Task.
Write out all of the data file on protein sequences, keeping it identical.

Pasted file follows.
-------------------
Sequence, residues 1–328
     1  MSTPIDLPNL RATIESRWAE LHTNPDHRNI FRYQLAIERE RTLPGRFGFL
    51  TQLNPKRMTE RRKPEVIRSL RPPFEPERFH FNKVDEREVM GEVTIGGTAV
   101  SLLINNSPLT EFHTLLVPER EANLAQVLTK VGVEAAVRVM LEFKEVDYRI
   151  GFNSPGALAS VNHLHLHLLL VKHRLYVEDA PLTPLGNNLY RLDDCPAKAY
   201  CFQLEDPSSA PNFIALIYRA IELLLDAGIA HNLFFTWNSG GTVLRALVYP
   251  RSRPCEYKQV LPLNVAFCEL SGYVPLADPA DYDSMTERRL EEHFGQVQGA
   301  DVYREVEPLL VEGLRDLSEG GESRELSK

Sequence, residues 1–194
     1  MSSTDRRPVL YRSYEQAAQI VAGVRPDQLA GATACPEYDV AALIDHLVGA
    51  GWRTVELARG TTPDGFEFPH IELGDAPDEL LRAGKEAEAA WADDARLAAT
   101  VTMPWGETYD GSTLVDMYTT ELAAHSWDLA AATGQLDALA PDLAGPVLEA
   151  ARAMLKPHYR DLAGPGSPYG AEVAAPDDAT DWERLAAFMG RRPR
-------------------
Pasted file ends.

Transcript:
Sequence, residues 1–328
     1  MSTPIDLPNL RATIESRWAE LHTNPDHRNI FRYQLAIERE RTLPGRFGFL
    51  TQLNPKRMTE RRKPEVIRSL RPPFEPERFH FNKVDEREVM GEVTIGGTAV
   101  SLLINNSPLT EFHTLLVPER EANLAQVLTK VGVEAAVRVM LEFKEVDYRI
   151  GFNSPGALAS VNHLHLHLLL VKHRLYVEDA PLTPLGNNLY RLDDCPAKAY
   201  CFQLEDPSSA PNFIALIYRA IELLLDAGIA HNLFFTWNSG GTVLRALVYP
   251  RSRPCEYKQV LPLNVAFCEL SGYVPLADPA DYDSMTERRL EEHFGQVQGA
   301  DVYREVEPLL VEGLRDLSEG GESRELSK

Sequence, residues 1–194
     1  MSSTDRRPVL YRSYEQAAQI VAGVRPDQLA GATACPEYDV AALIDHLVGA
    51  GWRTVELARG TTPDGFEFPH IELGDAPDEL LRAGKEAEAA WADDARLAAT
   101  VTMPWGETYD GSTLVDMYTT ELAAHSWDLA AATGQLDALA PDLAGPVLEA
   151  ARAMLKPHYR DLAGPGSPYG AEVAAPDDAT DWERLAAFMG RRPR